Why a Rescue Action Ended up with Anger?

This episode happened last summer, at the end of an ordinary charter sailing week. I was a skipper on a chartered catamaran, sailing with a family – parents in their mid-forties and two teenage kids. The week was pretty relaxing as my customers were not too demanding. Mother and father spent most of the time taking a nap, sunbathing, solving Sudoku problems and occasionally swimming. Kids spent all of their time with their headphones on and staring at their smartphones or occasionally reading thick books.

During the cruise, we usually anchored in close to the island villages and cities as my customers did not want to spend their budget on marina fees, while they probably felt more relaxed at the anchor. However, the week went pretty smoothly, with a nice weather and enough wind for easy sailing.

The last day I sailed towards the base, aiming to drop the anchor at the bay nearby a final swim. The bay wasn’t too crowded since the wind was increasing. I decided to stay there despite the wind because the anchor held sandy bottom pretty well. My plan was to leave the place as soon as the wind increases to the moment when the anchor is not safe anymore.

I raised the anchor explaining that we are about to change the position because the wind gets too strong. My intention was to set the sails again and make another stop at the bay closer to the base and spend the rest of the afternoon there swimming and snorkeling.

As I started unmooring I noticed a neighboring catamaran moving rapidly sideward while women on board were shouting and waving. At first, I did not understand what was going on until I spotted three men swimming towards the catamaran trying to catch it and also shouting something to me. It took me a second to start acting in a good seamanship manner. Instinctively I estimated that their anchor did not hold and that the wind is pushing their boat off the coast. OK, I said to myself, those people trying to catch it are in greater danger than their boat so pick them up and try to catch the catamaran afterward. I steered my catamaran towards them and picked them up within two minutes.

They tried to explain to me what happened and what to do now but as the result of shock and exhaustion, they forgot that I do not understand their specific German dialect. Especially not when pronounced while spitting large amounts of seawater out of their mouths. Nevertheless, I chose to speak with the person who seemed the strongest and less stressed. I managed to explain to him that I would try to get as closer to their yacht as possible and he would have to swim to it and try to get the control over it.

As soon as we started with a maneuver their tender detached and started to flow uncontrolled. We managed to pick it up very quickly and I thought that it would make them easier to catch their catamaran. My calculation turned up very wrong as soon as I realized that the key to the tender engine was inside the chart table of it mother boat. However, the person I have chosen earlier managed to swim to their catamaran and get the control over it. I explained him to navigate the vessel to the nearest bay and to try to drop the anchor there. He did so and we were able to transfer their tender and remaining crew to their catamaran. I could not drop the anchor there so I maneuvered with my engines while everybody was in their place.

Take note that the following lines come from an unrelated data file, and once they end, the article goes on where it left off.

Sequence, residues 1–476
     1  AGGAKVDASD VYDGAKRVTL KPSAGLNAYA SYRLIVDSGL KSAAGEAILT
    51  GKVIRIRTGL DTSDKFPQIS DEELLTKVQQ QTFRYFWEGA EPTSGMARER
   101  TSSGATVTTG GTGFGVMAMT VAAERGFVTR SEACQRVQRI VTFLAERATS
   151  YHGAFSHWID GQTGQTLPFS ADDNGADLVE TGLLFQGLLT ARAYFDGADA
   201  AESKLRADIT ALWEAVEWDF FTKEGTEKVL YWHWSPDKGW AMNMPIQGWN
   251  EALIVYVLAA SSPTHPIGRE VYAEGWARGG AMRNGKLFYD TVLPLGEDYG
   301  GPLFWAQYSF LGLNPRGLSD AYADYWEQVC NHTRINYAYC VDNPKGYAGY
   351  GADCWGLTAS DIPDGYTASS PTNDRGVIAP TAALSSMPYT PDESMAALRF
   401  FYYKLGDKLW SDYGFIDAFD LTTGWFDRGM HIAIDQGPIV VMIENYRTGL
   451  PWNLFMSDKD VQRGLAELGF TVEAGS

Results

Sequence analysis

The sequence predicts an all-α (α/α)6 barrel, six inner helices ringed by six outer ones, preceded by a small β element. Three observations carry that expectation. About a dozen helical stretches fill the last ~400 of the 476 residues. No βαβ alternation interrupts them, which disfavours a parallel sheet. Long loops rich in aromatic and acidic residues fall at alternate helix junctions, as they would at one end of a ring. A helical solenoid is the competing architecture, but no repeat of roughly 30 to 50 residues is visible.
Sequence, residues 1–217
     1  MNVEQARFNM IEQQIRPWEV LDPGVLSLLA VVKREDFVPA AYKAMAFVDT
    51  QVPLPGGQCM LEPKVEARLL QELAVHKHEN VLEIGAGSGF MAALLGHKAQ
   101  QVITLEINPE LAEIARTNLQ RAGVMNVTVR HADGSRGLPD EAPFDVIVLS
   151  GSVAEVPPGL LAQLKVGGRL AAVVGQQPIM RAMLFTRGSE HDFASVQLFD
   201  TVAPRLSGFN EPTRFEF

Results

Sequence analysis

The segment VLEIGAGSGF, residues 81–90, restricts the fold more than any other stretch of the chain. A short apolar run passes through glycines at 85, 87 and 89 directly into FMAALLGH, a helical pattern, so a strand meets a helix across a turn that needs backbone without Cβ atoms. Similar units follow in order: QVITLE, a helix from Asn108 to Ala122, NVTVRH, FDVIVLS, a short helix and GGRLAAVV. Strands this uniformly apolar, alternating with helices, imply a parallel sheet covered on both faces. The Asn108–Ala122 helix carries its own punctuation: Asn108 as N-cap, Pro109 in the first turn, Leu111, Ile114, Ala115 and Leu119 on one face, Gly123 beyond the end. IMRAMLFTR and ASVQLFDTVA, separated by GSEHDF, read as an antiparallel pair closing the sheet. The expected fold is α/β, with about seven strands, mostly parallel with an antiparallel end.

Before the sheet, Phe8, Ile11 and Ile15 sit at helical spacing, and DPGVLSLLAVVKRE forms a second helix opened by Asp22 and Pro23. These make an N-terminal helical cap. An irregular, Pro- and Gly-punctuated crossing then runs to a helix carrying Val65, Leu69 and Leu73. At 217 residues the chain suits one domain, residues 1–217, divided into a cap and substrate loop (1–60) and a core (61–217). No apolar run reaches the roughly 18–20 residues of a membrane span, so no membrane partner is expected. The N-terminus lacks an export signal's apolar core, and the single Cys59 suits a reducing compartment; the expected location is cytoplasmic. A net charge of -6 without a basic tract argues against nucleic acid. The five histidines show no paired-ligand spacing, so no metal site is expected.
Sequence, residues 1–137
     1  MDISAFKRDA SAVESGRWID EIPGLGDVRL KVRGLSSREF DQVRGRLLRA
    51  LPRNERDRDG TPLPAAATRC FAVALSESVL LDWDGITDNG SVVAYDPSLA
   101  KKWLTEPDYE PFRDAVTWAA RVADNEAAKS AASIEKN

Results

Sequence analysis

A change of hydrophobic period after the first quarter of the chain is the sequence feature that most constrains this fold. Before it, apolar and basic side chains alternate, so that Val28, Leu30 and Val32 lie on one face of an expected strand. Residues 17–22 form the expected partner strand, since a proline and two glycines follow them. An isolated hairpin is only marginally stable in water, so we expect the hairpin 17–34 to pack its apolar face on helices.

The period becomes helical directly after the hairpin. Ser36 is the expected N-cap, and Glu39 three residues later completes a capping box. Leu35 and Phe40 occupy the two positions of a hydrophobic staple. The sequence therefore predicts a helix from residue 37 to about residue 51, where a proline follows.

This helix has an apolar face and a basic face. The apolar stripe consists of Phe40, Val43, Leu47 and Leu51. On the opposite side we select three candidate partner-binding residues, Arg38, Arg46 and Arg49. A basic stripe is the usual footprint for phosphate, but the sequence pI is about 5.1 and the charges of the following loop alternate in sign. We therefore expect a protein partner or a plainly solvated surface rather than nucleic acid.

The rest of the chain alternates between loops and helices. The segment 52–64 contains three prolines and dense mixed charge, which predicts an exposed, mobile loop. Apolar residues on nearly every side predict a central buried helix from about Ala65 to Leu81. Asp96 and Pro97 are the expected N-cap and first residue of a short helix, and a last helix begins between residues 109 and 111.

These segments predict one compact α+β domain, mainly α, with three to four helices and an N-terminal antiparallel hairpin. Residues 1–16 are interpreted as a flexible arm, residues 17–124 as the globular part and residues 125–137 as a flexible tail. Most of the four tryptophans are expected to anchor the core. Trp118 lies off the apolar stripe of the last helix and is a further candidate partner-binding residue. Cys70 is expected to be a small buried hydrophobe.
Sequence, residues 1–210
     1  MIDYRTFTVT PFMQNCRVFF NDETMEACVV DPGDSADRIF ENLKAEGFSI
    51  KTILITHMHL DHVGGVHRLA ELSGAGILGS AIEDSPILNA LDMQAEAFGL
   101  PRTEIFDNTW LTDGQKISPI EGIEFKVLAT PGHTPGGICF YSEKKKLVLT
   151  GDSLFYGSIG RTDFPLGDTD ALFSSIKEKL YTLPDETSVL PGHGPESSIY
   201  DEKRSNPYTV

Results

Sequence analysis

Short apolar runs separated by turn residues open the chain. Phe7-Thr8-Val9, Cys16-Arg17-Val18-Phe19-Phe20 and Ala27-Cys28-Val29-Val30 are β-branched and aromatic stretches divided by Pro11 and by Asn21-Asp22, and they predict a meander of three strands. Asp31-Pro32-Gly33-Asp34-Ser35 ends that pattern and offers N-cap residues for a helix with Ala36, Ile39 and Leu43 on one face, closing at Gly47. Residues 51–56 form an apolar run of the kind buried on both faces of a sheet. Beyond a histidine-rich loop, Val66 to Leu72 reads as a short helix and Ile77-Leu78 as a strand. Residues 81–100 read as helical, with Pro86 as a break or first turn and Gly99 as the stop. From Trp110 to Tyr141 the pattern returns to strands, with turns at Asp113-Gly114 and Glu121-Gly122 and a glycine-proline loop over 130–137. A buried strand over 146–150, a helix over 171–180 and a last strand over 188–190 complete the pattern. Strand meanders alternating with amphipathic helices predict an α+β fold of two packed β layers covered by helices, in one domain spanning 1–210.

During the entire rescue action, my customers were too impressed to do anything and I did not have time to explain to them how to help because I had to react in a moment. At the end of the action, I was happy that everybody was OK and uninjured while both catamarans were not damaged. Happy about the outcomes I wanted to explain to my customers what was going on and what safety regulations say about it. As soon as I started explaining the father started yelling at me in his French dialect and got in his cabin leaving me without explanation. Still confused, I continued sailing towards the base and tried to forget the incident with my customer. Few minutes later his wife appeared with a glass of water and remorseful smile on her face… Her husband was frustrated because his last afternoon of sailing week was spoiled. He was probably disturbed while solving Sudoku and heaving a nap which was more important than human lives and valuables at sea. OK, we obviously don’t share the same values…

I only wanted to explain him several basic lessons about the life at sea and good seamanship. First of all, anchoring is a skill, not just a manoeuvre. When anchored, a skipper is obliged to check out the anchor and make sure that his vessel is not moving by observing solid objects in the area. If leaving the yacht, skipper has to make sure that he is able to get back quickly in case of unexpected event, or he has to delegate a crew member to keep watch over the anchor. Secondly, the key to the tender has to be placed in the engine when tender is in the sea. And last but not least, a good skipper would always observe the situation over the neighboring yachts when anchoring at the same bay. Therefore, skippers’ obligation is to help others whenever they can without compromising their own vessel and crew. These rules really are pretty simple and basic but self explanatory so I still do not understand why someone would be angry if spent some half an hour of their sailing holidays saving someones life…

Although this story and rules applies to all the boats sailing catamaran does differ from  out more about sailing aboard charter catamarans on our specialized page Sailing Catamaran Yachts.

I wish you a calm sea, a fine wind and a strong mast!

Leave a Comment

Your email address will not be published. Required fields are marked *

This site uses Akismet to reduce spam. Learn how your comment data is processed.